The vote on the UMCH project of the Lifestyle Communities has been delayed again


The application by the real estate management company Lifestyle Communities for the construction and development of 730 apartments on the site of the former residential complex of the United Methodist Children’s Home at 1033 N. High St. appears to be still in a waiting pattern.

The project was discussed at the Worthington Architectural Review Board and Municipal Planning Commission meeting on January 14th. However, it was not voted on a recommendation to Worthington City Council to convert the zoning of the site into a planned unitary development.

Lifestyle communities were given the opportunity to vote during the meeting, but representatives asked to submit their ARB and MPC proposals, according to Planning and Construction Director Lee Brown, the board and commission’s concerns reflecting opposition from some residents.

“Applicants wanted to set up a table to take into account the comments and questions they had heard from the board and the community commission,” Brown said.

No timetable has been set for the next meeting at which the project will be discussed. Brown said if the MPC made a recommendation, the council would schedule a public hearing and put the project to a vote.

The proposal has been known to the public for several months.

A 473-page document containing a plan to convert the property into a planned housing unit was presented to the city on October 5th.

The review of the development proposal, which was scheduled for the November 12th meeting of ARB and MPC, was postponed to December 10th and then again to January, both times at the request of the Lifestyle Communities.

The lifestyle communities’ proposal to ARB and MPC was that the Worthington project would bring economic benefits and meet the need for more local housing. The plan calls for a mix of apartments, townhouses, and single-family homes that would span nearly 40 acres on the site, in addition to commercial and medical offices and two parking garages.

Lifestyle Communities added in a PowerPoint that economic development would not only add homes and open up investment opportunities in Worthington, it would create 801 construction and 145 commercial and medical jobs, and develop $ 11 million in property taxes of $ 12.5 million in income taxes to the city over 30 years.

However, some ARB and MPC members shared concern that the proposal, in its current state, did not reflect the architectural style, building density and character of Worthington.

“Unfortunately (the proposal is) just not good enough,” said ARB and MPC member Edwin Hoffman during the January 14 meeting. “I don’t even get to architecture because, from my point of view, the planning is not as well thought out as it absolutely has to be.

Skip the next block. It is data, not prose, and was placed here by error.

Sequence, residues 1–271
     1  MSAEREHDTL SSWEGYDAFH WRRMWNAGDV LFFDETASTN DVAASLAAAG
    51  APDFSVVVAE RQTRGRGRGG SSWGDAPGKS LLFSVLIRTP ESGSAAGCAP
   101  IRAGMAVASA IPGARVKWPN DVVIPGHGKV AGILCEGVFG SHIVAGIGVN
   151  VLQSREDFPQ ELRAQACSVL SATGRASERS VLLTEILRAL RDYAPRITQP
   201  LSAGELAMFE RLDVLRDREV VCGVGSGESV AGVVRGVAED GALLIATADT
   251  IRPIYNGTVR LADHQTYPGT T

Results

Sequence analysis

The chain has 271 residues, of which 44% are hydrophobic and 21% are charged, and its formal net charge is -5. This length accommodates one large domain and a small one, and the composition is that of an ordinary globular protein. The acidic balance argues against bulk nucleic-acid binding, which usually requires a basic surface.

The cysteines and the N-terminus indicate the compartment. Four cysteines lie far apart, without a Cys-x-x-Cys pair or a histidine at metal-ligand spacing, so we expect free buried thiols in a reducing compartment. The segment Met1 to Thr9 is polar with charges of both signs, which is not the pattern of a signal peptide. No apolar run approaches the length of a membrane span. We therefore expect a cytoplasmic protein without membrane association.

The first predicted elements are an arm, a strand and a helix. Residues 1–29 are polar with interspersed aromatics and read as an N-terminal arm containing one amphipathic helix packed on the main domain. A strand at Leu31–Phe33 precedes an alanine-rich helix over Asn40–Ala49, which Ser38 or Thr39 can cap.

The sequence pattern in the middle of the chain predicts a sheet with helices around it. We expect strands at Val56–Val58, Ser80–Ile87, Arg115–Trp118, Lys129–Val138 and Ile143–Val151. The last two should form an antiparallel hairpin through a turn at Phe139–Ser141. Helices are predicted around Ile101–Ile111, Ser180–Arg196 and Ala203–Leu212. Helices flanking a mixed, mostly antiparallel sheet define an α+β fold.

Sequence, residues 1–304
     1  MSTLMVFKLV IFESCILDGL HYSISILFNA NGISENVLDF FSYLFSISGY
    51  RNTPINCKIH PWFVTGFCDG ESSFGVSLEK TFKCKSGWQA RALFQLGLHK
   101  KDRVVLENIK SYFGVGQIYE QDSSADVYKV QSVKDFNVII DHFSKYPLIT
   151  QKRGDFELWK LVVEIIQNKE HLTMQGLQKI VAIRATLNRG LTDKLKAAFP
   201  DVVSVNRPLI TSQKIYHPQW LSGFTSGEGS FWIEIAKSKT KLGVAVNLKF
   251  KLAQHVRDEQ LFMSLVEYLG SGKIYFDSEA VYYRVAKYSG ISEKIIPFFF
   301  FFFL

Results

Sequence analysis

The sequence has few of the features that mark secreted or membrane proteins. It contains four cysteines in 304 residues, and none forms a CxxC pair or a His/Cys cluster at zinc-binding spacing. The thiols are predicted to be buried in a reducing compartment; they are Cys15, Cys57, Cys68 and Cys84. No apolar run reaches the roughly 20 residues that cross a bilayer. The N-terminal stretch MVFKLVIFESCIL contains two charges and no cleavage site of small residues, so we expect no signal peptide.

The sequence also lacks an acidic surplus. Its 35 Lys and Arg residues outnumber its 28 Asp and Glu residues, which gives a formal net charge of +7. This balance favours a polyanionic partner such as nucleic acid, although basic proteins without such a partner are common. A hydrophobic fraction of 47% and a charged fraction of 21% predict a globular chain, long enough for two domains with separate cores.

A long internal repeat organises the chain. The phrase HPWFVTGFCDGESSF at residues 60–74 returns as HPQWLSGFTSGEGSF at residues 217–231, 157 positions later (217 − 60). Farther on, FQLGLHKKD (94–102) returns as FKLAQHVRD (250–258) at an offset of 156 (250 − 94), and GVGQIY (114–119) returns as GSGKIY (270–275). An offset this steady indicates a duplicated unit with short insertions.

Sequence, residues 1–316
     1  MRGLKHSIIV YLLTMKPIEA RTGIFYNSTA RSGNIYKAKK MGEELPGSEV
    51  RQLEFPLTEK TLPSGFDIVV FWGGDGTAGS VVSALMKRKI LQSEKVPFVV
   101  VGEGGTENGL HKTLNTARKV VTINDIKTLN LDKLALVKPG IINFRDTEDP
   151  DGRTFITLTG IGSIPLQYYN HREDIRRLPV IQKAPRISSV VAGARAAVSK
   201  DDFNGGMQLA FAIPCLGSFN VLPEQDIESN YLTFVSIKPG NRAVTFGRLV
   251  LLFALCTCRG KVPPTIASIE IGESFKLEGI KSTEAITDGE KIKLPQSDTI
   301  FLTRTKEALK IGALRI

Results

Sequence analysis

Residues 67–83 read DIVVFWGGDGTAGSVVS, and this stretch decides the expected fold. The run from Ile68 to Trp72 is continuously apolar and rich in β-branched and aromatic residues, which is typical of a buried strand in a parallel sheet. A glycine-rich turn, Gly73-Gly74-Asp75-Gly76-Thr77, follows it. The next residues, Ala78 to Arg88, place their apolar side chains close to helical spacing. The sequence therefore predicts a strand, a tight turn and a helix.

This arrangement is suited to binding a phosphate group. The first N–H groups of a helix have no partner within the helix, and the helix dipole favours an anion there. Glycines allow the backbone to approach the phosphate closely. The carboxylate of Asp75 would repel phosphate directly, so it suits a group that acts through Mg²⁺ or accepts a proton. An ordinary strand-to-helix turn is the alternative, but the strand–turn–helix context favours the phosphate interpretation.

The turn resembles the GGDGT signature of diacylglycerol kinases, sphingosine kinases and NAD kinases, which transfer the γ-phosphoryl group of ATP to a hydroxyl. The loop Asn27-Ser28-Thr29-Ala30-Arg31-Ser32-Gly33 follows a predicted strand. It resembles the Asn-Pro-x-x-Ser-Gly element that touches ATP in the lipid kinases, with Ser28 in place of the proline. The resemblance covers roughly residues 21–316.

“I’m not the one to say it has to look like everything else in Worthington, but at least it has to acknowledge it. … This is right in the middle of our community and I think you have heard from everyone loud and clear. You need to get your work team together and step back and from that standpoint think, how do you do this poetry? ? And I think you will get a lot further with us. ”

ARB member Richard Schuster raised concerns about the architectural style of the development and the building density of the project.

“When I look at the drawings or the different living styles suggested, I don’t think they actually reflect the variety of types of houses we have in Worthington,” said Schuster. “When I look at the renderings for the apartments, there is again no really defining architectural feature. I don’t want to use a derogatory term, but it’s pretty monotonous in its repeatability.

“One of the things we have to do in the Architectural Review Committee is to say, ‘How well does this fit into the general neighborhood? ‘And that’s too tight. “

Alderman David Robinson said in an email to ThisWeek that he was concerned about the proposal’s impact on traffic, crowd and the environment.

“The lifestyle project would cost us a huge amount – heavy traffic (in a school zone), a tight city budget, overcrowded schools, and a lost, degraded natural environment,” he said. “I am also impressed by the mediocrity of the basic concept. We can do a lot better.

“The public wants something good in the long term for the entire community. You can clearly see that LC is not. “

Materials on the UMCH proposal, including a summary of economic developments, a proposal from the applicant, and questions from the council to the applicant, are available at

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